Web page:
I think you guys are way too eager to throw around 'game mechanics.' Maybe it's just that there's this idea that anybody in the WA really legislates with game mechanics in mind. Maybe that was the general consensus a long time ago. But I don't know anybody who thinks of the WA primarily in terms of what resolutions mean to the game. Most of us -- at least, I'm sure most of us -- think of the WA in purely roleplayed terms. After all, Ethics in International Trade only affected our nation once, according to the game. But, in roleplay, the ITA could and will affect nations multiple times over, which is something not covered by the game code.

I'm becoming increasingly skeptical over this whole game mechanics thing, every time there's a debate about it. The rule itself just seems to be applied way too broadly, without any really convincing reason. For instance, your explanation seems less in-tune with how the WA is roleplayed, and more in-tune with how the WA is part of the game. I'm not sure if that's the right way to think about it.

To me, the rule reads simply as, "Don't make resolutions that try and add to or change the game code itself." That means, don't submit a proposal actually mandating direct changes to the game. (I.e. "Let's add war to the game!") I wish I knew what guideline the mod team uses, if there is one -- sometimes, rules are applied differently in similar situations. It would certainly make debating about it easier...

P.s. If this is going to turn into a broader discussion on rules, maybe these posts should be split into a new topic? And maybe that WA rule debate thread recently closed in Moderation should be merged? I understand that doing that used be a problem, but with the hardware upgrade, it really shouldn't be stressful to the server now, should it? Unless, of course, this thread is actually for these types of discussions.
Last edited by Glen-Rhodes on Tue Nov 02, 2010 11:05 am, edited 3 times in total.

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NERVUN
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Founded: Mar 24, 2005
Ex-Nation

Postby NERVUN » Tue Nov 02, 2010 10:25 pm

Omigodtheykilledkenny wrote:
NERVUN wrote:The General Fund after all is a donation from the member states, not something they have to pay.

If you read the resolution, the "donations" are actually mandatory, but WAGF actually followed two other funding resolutions, both of which were also mandatory, both of which failed at vote, both apparently legal, and one was even requested by a moderator. History here: http://www.nswiki.net/index.php?title=WA_General_Fund

No, WAGF does not outline penalties for refusing to pay, but only because the game assumes compliance to be automatic. Assuming noncompliance would be illegal, and admittedly, fines to that effect would probably also be out. But other sorts of levies, such as those imposed by Ethics in International Trade -- which if I remember correctly was mod-reviewed prior to vote -- would, I am assuming, be allowed.

Let me back up here a second because I think we're going down the wrong rabbit hole: You have to understand that when the WA passes something, it does effect the game mechanics for the member nations. It moves the stats up and down for various categories. The funding resolution didn't effect the game as currently coded because it applied to everyone who is a WA member (And thank you for correcting me on that, I missed that clause).

What the game cannot do is affect SOME members, but not other members. This is why compliance is assured automatically. A penalty fee for non-compliance for a nation runs into that problem because, how does the game know to assess this? It doesn't. For an individual person, you have a bit more wiggle room given that the game does not care about individuals (Beyond the leader if you happen to have the population and got the issue). That's where we run into game mechanics violations to say that the WA would be funded by fees levied for non-compliance.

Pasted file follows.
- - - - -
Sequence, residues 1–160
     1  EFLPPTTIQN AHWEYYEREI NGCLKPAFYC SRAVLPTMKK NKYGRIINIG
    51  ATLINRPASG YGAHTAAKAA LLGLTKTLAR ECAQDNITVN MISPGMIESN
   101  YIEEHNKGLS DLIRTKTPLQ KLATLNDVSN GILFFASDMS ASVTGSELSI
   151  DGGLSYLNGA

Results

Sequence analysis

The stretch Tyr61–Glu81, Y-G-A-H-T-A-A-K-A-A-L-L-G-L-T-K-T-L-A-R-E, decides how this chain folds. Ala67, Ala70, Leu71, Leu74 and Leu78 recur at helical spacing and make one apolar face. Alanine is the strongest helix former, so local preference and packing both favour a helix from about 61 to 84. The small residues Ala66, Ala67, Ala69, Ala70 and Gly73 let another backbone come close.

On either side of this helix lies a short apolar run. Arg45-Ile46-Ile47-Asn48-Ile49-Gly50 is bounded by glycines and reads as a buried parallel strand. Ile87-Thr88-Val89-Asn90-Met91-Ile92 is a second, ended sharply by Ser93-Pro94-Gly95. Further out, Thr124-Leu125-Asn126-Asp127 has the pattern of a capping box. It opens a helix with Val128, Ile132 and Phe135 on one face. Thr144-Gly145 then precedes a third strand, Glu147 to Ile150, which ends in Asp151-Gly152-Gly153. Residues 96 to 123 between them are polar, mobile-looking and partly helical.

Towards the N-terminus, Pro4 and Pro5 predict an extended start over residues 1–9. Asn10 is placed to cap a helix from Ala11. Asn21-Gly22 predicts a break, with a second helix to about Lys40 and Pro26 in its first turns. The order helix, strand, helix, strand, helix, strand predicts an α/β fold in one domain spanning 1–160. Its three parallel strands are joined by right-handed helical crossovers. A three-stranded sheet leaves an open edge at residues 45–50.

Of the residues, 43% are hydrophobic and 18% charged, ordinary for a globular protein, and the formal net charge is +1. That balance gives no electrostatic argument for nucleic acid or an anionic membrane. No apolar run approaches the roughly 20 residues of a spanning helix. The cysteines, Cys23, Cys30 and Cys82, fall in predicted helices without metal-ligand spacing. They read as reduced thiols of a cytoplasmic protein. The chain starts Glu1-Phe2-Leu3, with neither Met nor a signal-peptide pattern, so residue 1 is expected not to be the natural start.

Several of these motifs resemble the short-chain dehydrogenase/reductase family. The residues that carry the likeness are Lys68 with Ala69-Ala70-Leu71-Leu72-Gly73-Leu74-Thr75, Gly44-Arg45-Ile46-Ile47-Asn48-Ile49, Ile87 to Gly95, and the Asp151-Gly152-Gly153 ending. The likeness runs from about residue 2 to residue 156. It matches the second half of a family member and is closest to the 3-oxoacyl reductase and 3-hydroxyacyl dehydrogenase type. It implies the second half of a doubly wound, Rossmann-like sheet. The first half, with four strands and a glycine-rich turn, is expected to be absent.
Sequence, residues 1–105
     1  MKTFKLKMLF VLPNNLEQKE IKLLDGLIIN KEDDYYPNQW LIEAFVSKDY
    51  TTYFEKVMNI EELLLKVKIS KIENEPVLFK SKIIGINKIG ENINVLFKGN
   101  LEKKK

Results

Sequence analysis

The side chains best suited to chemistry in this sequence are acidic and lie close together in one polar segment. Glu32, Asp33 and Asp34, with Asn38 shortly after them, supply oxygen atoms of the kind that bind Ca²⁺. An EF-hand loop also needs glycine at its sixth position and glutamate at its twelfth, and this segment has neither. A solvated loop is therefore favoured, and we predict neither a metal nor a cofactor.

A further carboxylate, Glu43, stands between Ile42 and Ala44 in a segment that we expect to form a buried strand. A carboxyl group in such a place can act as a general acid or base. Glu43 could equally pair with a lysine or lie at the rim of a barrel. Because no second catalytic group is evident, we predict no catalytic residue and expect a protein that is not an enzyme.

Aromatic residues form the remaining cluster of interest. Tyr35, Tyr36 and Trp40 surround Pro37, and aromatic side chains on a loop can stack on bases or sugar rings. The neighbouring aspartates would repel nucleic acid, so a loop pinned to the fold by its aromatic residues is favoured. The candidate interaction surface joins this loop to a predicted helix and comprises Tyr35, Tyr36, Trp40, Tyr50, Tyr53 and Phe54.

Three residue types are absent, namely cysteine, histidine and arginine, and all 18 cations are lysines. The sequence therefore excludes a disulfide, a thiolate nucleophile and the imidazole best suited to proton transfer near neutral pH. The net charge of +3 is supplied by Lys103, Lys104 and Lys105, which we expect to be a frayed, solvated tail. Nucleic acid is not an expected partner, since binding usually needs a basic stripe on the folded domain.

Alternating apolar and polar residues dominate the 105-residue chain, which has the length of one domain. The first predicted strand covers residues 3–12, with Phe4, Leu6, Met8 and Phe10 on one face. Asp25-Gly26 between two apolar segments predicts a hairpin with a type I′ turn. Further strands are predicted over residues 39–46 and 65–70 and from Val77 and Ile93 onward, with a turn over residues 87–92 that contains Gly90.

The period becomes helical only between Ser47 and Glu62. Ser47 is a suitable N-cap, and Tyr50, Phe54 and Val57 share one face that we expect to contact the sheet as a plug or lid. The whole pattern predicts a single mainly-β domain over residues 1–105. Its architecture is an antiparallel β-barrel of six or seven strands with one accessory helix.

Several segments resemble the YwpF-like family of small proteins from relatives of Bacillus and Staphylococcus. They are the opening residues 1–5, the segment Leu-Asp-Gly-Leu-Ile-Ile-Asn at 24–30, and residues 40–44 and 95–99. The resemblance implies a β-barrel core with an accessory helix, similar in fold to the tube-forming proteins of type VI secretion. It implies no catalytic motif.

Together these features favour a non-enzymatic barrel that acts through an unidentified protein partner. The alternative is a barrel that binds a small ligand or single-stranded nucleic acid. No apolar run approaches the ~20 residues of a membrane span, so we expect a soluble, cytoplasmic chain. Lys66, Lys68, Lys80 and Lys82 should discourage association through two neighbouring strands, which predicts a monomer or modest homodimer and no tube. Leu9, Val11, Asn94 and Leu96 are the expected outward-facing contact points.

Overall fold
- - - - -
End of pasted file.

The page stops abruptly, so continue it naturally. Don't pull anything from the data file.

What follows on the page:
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NERVUN
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Founded: Mar 24, 2005
Ex-Nation

Postby NERVUN » Tue Nov 02, 2010 10:34 pm

Glen-Rhodes wrote:
NERVUN wrote: As to the second, the issue is that if you were leve a fine against a nation, SOMETHING has to happen, right? Some kind of effect that was not budgeted as it were. That requires a change in the gamecode for non-compliance (Which right now is silly given that the gnomes make damn sure you are compliant) and then the fine changing a stat or two. Thus it would require monkying around.

I think you guys are way too eager to throw around 'game mechanics.' Maybe it's just that there's this idea that anybody in the WA really legislates with game mechanics in mind. Maybe that was the general consensus a long time ago. But I don't know anybody who thinks of the WA primarily in terms of what resolutions mean to the game. Most of us -- at least, I'm sure most of us -- think of the WA in purely roleplayed terms. After all, Ethics in International Trade only affected our nation once, according to the game. But, in roleplay, the ITA could and will affect nations multiple times over, which is something not covered by the game code.

The difference is that you are approaching it as a WA player, so it's all roleplay. WE have to go at it through both roleplay AND game design because if we break something via the code, we're the ones called on the carpet by [violet] for it. :p

I'm becoming increasingly skeptical over this whole game mechanics thing, every time there's a debate about it. The rule itself just seems to be applied way too broadly, without any really convincing reason. For instance, your explanation seems less in-tune with how the WA is roleplayed, and more in-tune with how the WA is part of the game. I'm not sure if that's the right way to think about it.